Will cucumbers soon cost us five euros a piece? Hopefully, things won't get that bad. But many consumers can’t believe their eyes as prices for food and other consumer goods go up a few cents every week. In the worst case, this can lead to hardship for low-income families. But why are the prices rising? We'll try to explain by looking at logistics processes. It is important to understand that logistics contributes only a small part to inflation and is not its root cause. The interrelationships are complex, and we’ll do our best to break them down.

 

  1. Causes of inflation
  2. Logistics: Narrow margins, little room to adjust
  3. Where do logistics companies notice the price increase?
  4. Price spiral reaches retail
  5. What brands can do now

 

Causes of inflation

 

Inflation has been a concern for consumers and companies since last year. The countries in the European Union have an average inflation rate of 7,8 percent . But what is behind this? Inflation can have many causes. In most cases, it is a complex web of events in global policy and trade. In the current case, two main factors are coming together: the foothills of the Corona pandemic and the current energy crisis resulting from the war in Ukraine.

 

Die Pandemie hatte massive Auswirkungen auf den Arbeitsmarkt, auf bestimmte Wirtschaftssektoren (teils positiv, teils negativ) und die weltweiten Lieferketten. In vielen Industrien mussten während der Pandemie Arbeitskräfte entlassen werden, diese fehlen nun teilweise. Manche Branchen boomten, wodurch die Nachfrage langfristig stieg. Mit steigender Nachfrage ziehen historisch auch die Preise an. Die Nachfrage hatte auch Auswirkungen auf die Lieferketten. In der Schifffahrt kam es teilweise zu massiven Problemen mit Containerknappheit.  Durch die Nachfrage transportierten Logistiker große Mengen Waren aus den produzierenden Ländern in Südostasien nach Europa und in die USA., Dadurch stapelten sich irgendwann leere Container auf einer Seite des Globus, während sie an anderer Stelle fehlten. Diese Entwicklungen halten, obwohl die heiße Phase der Pandemie überstanden ist, teilweise immer noch an.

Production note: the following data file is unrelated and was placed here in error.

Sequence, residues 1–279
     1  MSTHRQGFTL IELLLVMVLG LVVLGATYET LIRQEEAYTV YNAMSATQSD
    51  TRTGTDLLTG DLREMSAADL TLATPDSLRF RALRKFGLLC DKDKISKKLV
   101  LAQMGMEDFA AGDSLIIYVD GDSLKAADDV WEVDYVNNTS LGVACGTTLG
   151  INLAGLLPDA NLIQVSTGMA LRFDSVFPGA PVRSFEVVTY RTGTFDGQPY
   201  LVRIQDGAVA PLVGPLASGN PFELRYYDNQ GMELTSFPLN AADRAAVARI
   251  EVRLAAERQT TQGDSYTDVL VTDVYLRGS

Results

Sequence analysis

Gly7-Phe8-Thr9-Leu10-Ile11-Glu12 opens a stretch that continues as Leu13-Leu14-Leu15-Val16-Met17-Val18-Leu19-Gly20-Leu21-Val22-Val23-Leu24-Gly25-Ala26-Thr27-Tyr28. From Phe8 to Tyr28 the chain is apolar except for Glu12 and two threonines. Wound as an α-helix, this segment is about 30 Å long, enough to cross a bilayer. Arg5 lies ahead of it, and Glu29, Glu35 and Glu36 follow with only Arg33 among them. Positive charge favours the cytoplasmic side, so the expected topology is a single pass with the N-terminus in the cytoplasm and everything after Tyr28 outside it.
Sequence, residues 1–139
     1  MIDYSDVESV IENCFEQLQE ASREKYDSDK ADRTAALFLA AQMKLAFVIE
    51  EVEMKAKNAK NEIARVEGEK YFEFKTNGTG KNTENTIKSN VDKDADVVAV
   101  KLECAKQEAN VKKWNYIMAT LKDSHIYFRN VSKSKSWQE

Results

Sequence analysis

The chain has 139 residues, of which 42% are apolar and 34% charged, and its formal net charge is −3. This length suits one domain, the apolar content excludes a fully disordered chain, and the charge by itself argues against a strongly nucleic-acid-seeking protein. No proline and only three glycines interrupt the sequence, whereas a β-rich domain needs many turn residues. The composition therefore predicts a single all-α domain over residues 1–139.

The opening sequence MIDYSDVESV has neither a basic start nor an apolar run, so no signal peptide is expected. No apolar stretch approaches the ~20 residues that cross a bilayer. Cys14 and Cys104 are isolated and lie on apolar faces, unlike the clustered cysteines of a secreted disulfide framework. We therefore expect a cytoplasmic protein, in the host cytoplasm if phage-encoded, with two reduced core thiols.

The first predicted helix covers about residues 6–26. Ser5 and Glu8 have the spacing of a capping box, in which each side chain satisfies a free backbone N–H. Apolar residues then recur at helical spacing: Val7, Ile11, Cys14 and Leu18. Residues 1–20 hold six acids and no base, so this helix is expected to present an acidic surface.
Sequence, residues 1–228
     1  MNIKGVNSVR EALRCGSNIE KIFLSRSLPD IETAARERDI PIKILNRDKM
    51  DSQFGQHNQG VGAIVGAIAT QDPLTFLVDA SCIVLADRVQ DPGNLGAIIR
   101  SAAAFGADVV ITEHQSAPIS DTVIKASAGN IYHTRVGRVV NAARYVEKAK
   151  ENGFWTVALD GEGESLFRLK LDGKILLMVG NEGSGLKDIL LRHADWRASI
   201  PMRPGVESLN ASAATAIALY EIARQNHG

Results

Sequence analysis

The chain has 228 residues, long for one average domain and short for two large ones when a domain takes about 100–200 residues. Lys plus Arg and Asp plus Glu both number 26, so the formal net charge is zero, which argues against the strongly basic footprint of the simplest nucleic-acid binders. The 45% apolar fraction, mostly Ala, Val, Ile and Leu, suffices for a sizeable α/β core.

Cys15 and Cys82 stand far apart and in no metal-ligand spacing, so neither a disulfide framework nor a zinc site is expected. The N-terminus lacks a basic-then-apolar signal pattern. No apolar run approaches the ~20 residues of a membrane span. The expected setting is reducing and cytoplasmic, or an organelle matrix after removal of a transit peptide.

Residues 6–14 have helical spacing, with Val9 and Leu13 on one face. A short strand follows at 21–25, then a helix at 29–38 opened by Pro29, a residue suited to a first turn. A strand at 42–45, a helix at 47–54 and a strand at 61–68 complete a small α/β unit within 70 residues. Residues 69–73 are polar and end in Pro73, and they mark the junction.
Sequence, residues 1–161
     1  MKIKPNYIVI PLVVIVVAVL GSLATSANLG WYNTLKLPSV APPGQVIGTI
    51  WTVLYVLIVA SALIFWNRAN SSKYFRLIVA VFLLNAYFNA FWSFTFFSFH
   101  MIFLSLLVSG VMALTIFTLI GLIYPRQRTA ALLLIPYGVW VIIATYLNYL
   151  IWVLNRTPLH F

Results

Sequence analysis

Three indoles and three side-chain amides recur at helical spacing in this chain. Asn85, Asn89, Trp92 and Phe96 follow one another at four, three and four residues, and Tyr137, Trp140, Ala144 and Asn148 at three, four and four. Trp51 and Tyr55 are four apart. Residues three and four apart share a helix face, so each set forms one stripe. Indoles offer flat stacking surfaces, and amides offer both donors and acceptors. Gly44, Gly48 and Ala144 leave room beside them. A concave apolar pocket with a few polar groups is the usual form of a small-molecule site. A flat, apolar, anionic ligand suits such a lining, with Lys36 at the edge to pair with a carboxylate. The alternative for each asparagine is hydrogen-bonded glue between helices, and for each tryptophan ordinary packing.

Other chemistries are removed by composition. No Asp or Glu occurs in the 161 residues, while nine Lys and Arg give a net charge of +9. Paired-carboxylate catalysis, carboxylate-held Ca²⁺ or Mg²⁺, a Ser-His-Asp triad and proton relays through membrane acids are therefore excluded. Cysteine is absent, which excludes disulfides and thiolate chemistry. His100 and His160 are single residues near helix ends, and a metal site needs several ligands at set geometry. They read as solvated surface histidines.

The political tensions between Russia and the EU and its allies that started late last year are having a massive impact on energy security here at home. The war in Ukraine, which began in February, has exacerbated this situation. Energy costs are rising. Also because many gas reserves in the EU have been depleted after a cold winter. At the same time, the oil market reacted, leading to high prices at the pumps. This complex web affects all industries, including retail and the logistics behind it. What reaches the end customer is called inflation.

 

 

Logistics: Narrow margins, little room to adjust

 

Traditional logistics has always operated with quite narrow margins. This applies above all to traditional transport services, but also to some extent to warehouse logistics. This works well as long as the market remains stable and seasonal fluctuations predictable. It becomes more complicated precisely when the running costs for logistics providers change. Tight margins mean that service providers have little leeway to absorb rising prices. They have to pass these on to retailers relatively quickly. So after a while, these price increases also reach the end customer. That is inflation.

Where do logistics companies notice the price increase?

 

Where are logistics professionals already noticing inflation? Prices are going up in pretty much every aspect of logistics. Take shipping, for example. A container ship consumes thousands of tons of heavy oil per year. On top of this, shipping companies pay ports high fees to be allowed to dock and unload. Shipping companies also employ many thousands of people. Now, prices for each of these cost factors have risen over the past year. Fuel is more expensive, ports have increased fees due to increased demand from the pandemic, and simultaneous staff shortages and personnel costs for qualified staff have been rising for years.

 

The situation is similar in warehouse logistics. Warehousing1 recently conducted its own survey among warehouse logistics experts. 100 percent of those surveyed said they were already noticing the higher costs in their day-to-day business. But in which areas do they notice inflation? Almost all respondents noticed price increases in cardboard packaging, packaging materials and energy costs.